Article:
Questions to ask your characters

It’s October, and that means prep time. One of the best things about doing NaNoWriMo, for me, is that it forces me to wait instead of diving right into a story I’m excited about, and I spend that time preparing. Outlining is one part of this. Another is test writing- writing cutscenes: backstory, exposition, or just my characters doing mundane things so I can get to know them. But what I’m working on today is character sheets. It’s nice before starting to writing to know all about the main characters. Here are a few questions to start with:

  1. What do they want most? To be left alone to have a peaceful life, to get out of their boring hometown, to find love?
  2. What do they need, in terms of personal growth? To be less selfish, to gain courage, to accept themselves as they are?
  3. What are they afraid of? What is the worst thing that could possibly happen to them? (Is that definitely going to happen in the book? Probably!)
  4. What are their talents? I love talents that seem random and useless but end up being exactly the thing to beat the bad guys. You don’t have to know yet how each will be handy- these may give you ideas later.
  5. What are their weaknesses? Are they physically frail, untrained, fearful, brash? You’d better believe they fail big because of these weaknesses, especially in act three.
  6. What’s their temperament like? Everyone has their own favorite scheme. Mine is the Magic the Gathering color wheel, but the four humors are popular and easy to grasp. Or you could do the Big Five. The important thing is that you have a good feel for how sociable they are, how quick they are to trust others, how long it takes them to make a decision, whether they’re emotional or impassive.
  7. What do they look like physically? Pale or dark skin? Long or short hair? Thin or heavyset? Do they have any scars or distinguishing marks? Whatever you do, don’t make every woman in the story flawless. Protagonists especially must be relatable. “Eyes too large” or “waist too thin for boobs” is not relatable.
  8. What do they like to wear? Do they wear a uniform or a distinctive outfit, or do they like to experiment with new fashions? What accessories are they never without? What have they got in their pocketses?
  9. How do they talk? Long sentences with big words, or short choppy ones? Do they swear? Do they use homespun metaphors? You should know if they have an accent, though trying to spell an accent phonetically is usually just annoying.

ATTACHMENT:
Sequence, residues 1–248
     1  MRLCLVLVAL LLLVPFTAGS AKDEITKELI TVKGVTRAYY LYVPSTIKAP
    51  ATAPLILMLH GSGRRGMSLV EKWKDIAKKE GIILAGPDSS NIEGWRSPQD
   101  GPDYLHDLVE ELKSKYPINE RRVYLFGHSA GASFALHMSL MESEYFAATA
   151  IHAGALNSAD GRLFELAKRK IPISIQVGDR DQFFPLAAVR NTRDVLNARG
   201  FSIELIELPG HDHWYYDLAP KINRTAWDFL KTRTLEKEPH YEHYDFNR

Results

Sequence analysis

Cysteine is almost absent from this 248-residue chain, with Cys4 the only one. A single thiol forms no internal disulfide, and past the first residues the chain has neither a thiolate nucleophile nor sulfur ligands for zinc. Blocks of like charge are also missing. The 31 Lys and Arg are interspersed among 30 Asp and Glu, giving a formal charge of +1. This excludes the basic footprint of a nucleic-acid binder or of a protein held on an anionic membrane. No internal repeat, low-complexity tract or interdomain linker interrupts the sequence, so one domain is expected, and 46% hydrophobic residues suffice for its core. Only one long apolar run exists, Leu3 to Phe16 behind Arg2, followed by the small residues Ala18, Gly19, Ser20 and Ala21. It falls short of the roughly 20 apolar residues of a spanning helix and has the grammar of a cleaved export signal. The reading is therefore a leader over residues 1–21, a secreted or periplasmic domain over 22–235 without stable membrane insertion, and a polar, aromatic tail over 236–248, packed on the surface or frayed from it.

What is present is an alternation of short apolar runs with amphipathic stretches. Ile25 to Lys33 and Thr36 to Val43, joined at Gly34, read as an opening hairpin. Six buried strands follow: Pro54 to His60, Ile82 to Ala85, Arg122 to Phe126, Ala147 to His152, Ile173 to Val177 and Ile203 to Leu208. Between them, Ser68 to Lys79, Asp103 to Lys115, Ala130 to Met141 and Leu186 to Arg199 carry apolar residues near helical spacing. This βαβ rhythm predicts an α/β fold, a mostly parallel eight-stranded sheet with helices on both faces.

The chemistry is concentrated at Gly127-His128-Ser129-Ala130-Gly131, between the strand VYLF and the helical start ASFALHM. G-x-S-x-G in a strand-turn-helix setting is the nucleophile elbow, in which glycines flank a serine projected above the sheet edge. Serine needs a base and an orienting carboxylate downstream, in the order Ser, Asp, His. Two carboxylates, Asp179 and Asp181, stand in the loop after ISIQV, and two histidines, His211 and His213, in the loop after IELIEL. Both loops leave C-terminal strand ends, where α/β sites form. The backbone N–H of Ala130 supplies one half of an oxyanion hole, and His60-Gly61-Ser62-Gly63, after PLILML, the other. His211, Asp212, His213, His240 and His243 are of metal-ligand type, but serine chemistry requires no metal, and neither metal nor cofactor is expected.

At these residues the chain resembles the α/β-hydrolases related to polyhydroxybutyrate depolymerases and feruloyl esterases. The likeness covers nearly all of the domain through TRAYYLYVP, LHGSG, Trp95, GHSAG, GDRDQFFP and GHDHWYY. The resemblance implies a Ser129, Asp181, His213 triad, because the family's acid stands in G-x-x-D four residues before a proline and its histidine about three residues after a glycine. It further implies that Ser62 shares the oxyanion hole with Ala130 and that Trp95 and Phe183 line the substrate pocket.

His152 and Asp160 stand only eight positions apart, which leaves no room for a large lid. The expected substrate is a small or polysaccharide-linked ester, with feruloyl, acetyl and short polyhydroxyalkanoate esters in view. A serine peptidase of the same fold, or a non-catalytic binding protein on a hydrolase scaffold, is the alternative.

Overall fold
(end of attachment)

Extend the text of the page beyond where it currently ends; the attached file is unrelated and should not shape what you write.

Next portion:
10. Do they have any interesting hobbies or quirks? Any mannerisms? When they hear a number, do they immediately make it into a math problem? Does everything they think about end up a botany metaphor? Do they pace? What do they do when they’re happy, sad, or worried?
  11. What is their backstory? Where are they from? What environments are the most familiar and comfortable to them? What normal experiences have they not had- never been on a planet, never seen the sun, never fallen in love? Are their parents both living, and do they get along? Do they have siblings? What was the most formative experience in their life up to now? What’s a memory they’d rather not think about?
  12. Who is in their life right now? Do they have a lot of friends, or are they isolated? Are they married or in a relationship? Do they have kids? What role do they have in their friend group? Are they the leader or the odd one out? Likewise, in relationships, are they the needy one, the cold one, the bossy one? How do they treat the people closest to them?

After answering all these questions, you’ll likely have a much better sense of your characters. Now try writing a few cutscenes with them. Have them go out for coffee with someone they haven’t seen in awhile, and see what they talk about. Or put them at a job interview, but write from the perspective of the interviewer. Have a loved one confront them about an issue they have, and have them react badly. Do they yell or stonewall? What are their reasons for refusing to change? At this point it will be clear they need some dramatic events to happen to push them into change- like the story you’re about to write!